Merkel and Sarkozy browbeat and bullied Papandreou into withdrawing his referendum proposal. Now four years too late the referendum will be held but not as a bold move to force Greeks to accept their responsibilities but as a mechanism to cover up the disastrous negotiating failures of the hard-left oppositionist party, Syriza, which has not been able to make the move to government responsibility since taking office in January.
European and Eurozone politics remains deeply partisan and political and Merkel and Sarkozy used the failed Papandreou referendum to secure his ouster and the arrival in power of their EPP comrade, New Democracy’s Antonis Samaras.
However having propelled him into office, the dominant EPP rulers in the EU refused to help him with any serious measures to reduce the crushing debt burden on Greek shoulders. Samaras dutifully obeyed orders from Merkel, Juncker and Lagarde. But their belief that bleeding the Greek patient to near death would restore health failed as any sensible economist could have told them.
Enter thus Tspiras, Varoufakis and a Syriza consisting of old Trotskyites, older Communist, and a handful of academics who had waited 30 or 40 years to play at being ministers.
The disaster of the Tsipras-Varoufakis arrogant, get-stuffed, we’re right and you’re wrong negotiating style alienated everyone in Brussels including all natural sympathisers for Greece on the social democratic left.
The surreal referendum for next Sunday has its 90-word long question based on an EU document which is now withdrawn. To call a referendum without a public information campaign and with most Greeks bewildered what it means as they queue to get Euros out of ATM which are being shut down is the height of anti-democratic cynicism. If it produces a No vote can easily lead Greece out of the Euro, perhaps even the EU.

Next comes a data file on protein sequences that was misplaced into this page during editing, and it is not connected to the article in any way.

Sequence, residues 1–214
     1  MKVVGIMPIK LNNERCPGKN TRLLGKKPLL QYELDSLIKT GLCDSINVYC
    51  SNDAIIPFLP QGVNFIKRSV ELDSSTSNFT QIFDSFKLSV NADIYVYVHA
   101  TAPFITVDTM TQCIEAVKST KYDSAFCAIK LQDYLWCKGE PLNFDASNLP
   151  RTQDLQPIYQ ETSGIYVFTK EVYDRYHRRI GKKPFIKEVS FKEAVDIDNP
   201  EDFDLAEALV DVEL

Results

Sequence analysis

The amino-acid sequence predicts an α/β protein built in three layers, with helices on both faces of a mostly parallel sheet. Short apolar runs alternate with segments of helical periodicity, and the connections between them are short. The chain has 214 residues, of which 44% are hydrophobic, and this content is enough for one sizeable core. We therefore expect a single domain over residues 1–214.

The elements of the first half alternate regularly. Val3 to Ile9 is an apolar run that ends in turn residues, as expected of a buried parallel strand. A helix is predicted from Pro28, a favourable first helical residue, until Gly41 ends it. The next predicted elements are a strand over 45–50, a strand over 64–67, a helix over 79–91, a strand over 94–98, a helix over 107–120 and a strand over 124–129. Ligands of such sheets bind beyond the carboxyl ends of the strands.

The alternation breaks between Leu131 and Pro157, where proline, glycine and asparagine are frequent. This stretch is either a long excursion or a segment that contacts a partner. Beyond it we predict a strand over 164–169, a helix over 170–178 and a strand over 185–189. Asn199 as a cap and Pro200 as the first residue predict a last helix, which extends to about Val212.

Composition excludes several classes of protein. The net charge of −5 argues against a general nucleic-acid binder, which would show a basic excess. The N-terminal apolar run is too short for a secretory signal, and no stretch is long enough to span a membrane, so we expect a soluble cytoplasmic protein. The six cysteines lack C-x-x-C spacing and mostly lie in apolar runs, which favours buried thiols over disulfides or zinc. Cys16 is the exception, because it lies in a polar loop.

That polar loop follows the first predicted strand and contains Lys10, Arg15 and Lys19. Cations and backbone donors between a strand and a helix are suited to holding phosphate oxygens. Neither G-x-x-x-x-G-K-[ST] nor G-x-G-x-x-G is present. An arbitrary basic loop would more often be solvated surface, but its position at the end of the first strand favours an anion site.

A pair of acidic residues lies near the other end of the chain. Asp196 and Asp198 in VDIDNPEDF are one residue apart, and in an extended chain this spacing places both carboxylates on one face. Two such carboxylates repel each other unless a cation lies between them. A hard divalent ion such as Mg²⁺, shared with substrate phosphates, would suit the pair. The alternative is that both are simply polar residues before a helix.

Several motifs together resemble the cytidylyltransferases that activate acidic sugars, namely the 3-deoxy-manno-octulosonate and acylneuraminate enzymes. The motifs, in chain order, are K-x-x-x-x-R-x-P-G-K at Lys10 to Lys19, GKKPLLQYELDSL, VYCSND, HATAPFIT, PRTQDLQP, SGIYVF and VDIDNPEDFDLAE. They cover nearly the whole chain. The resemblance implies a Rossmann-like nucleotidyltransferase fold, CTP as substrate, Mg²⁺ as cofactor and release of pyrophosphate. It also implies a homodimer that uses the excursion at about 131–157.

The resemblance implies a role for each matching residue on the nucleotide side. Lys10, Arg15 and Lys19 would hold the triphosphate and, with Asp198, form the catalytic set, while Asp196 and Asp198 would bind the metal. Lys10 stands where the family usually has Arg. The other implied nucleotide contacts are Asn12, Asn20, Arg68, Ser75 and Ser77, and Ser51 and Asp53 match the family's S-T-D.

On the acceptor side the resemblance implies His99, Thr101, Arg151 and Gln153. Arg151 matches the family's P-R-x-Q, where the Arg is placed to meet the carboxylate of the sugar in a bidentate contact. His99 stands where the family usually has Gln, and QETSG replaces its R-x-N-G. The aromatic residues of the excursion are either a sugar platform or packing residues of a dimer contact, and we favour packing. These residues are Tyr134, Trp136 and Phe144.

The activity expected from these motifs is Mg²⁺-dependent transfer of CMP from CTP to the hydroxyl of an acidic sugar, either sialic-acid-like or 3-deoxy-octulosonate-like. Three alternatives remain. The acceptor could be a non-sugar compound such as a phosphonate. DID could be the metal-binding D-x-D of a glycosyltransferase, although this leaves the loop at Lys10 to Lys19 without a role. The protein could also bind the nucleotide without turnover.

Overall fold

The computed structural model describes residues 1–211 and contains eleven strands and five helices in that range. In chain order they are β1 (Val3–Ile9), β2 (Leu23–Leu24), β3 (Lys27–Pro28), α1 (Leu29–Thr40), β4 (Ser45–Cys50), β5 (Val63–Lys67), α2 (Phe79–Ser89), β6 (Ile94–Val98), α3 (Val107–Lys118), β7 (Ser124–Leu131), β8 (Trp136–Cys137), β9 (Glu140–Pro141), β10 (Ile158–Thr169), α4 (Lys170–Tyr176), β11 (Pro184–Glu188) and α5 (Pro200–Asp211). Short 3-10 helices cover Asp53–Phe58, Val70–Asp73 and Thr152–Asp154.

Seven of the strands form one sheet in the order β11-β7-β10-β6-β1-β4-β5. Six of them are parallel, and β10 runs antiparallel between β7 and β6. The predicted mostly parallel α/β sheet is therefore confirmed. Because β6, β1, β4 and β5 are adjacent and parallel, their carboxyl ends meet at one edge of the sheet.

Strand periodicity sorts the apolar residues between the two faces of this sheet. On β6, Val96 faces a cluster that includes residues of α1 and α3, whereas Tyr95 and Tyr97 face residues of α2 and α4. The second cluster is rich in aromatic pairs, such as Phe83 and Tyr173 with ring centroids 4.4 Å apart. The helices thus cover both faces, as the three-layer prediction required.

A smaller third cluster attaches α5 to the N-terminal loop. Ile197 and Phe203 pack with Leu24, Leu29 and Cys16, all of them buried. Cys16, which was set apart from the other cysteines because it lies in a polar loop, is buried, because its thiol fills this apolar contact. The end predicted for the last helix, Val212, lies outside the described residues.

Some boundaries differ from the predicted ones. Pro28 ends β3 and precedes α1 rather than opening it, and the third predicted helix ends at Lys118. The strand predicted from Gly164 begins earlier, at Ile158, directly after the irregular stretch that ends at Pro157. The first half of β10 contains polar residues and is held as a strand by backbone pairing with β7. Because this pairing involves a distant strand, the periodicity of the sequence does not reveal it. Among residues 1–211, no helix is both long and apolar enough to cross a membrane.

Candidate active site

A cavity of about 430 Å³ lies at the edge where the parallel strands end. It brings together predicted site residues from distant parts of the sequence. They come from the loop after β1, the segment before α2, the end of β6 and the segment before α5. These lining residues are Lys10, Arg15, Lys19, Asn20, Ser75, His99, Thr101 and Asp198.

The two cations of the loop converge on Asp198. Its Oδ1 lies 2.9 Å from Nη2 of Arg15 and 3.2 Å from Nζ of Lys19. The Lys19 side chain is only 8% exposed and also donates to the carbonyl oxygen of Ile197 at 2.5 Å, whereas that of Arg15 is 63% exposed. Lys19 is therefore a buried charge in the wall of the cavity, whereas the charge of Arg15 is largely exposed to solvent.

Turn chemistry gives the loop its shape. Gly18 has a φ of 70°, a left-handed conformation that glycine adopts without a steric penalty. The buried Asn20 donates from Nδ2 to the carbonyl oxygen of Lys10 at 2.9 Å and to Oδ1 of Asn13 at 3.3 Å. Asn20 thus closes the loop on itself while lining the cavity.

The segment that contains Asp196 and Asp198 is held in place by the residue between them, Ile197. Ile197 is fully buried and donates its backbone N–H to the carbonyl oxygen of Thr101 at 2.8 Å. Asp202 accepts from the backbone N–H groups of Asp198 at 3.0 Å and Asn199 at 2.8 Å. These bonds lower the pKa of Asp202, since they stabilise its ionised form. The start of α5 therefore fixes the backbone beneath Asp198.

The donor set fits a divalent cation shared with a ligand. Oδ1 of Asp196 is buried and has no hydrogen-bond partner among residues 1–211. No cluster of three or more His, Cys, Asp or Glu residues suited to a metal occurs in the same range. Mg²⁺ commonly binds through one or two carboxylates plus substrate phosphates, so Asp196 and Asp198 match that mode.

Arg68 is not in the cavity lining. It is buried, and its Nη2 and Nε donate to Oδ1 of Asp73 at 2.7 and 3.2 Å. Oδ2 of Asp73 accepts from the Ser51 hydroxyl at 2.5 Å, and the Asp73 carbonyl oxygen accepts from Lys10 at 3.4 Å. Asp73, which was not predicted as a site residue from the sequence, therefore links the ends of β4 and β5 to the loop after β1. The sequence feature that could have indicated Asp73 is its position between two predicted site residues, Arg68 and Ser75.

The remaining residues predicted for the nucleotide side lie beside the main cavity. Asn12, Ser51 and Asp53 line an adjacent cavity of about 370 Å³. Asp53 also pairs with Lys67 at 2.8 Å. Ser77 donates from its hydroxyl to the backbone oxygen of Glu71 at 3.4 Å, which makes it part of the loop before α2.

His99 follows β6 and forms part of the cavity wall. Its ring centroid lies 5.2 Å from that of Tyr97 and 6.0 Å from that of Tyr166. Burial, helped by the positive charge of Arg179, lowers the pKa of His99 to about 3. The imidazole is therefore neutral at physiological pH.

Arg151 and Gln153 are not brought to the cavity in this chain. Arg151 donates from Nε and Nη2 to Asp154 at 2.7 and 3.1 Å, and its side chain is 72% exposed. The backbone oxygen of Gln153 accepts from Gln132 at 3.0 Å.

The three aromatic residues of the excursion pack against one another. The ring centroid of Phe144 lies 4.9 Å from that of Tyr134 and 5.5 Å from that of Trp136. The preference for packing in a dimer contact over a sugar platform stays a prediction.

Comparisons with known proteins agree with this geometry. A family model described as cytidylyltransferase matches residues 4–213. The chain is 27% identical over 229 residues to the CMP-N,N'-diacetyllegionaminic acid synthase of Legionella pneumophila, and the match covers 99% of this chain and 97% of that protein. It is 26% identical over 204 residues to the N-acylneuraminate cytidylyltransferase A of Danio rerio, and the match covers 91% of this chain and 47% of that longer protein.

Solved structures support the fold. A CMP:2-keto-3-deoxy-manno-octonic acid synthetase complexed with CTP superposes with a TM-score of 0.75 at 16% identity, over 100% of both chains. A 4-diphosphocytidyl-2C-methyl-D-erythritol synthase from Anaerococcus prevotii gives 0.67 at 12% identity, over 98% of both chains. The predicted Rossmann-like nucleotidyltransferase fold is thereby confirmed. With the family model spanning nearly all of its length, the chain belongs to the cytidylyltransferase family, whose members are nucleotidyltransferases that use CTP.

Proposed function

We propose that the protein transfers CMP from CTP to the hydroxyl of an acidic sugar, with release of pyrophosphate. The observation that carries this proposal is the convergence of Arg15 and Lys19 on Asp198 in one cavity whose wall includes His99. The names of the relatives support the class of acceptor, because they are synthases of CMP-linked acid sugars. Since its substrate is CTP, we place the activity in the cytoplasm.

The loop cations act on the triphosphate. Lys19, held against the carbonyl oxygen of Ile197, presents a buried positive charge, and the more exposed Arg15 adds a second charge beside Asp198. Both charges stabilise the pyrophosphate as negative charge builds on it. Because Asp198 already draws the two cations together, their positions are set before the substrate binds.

And with Greece gone, other weaker Eurozone members like Portugal, Italy, Ireland and Spain will be next in line.
Tsipras and Varoufakis are urging a No vote and anti-Europeans from London and Paris are flocking to Athens to urge a big No vote to help weaken the EU.
The referendum stunt has provoked anger all over Europe as Tsipras treats the business of government as a students’ union debate.
If there is a Yes vote and Syriza’s call for a No is defeated he should in honour resign. Fresh elections are needed to get a consensus government that can reform Greece and stop its drift away from Europe.
But history will judge that the right time to hold a referendum in Greece was in 2011 as George Papandreou proposed. It would have cut the Gordian knot of Greek rejection of facing up to the need for reform and an end to the tax dodging clientalism that disfigured Greece after it entered the European Community in 1981.
Papandreou has all but withdrawn from Greek national politics and devotes most time to global centre-left politics and teaching. But he might be allowed a smile today as the error of Merkel and Sarkozy in rejecting a referendum at the right time in 2011 comes home to roost and instead Greece faces a plebiscite that may mark the first step in the Euro being unwound.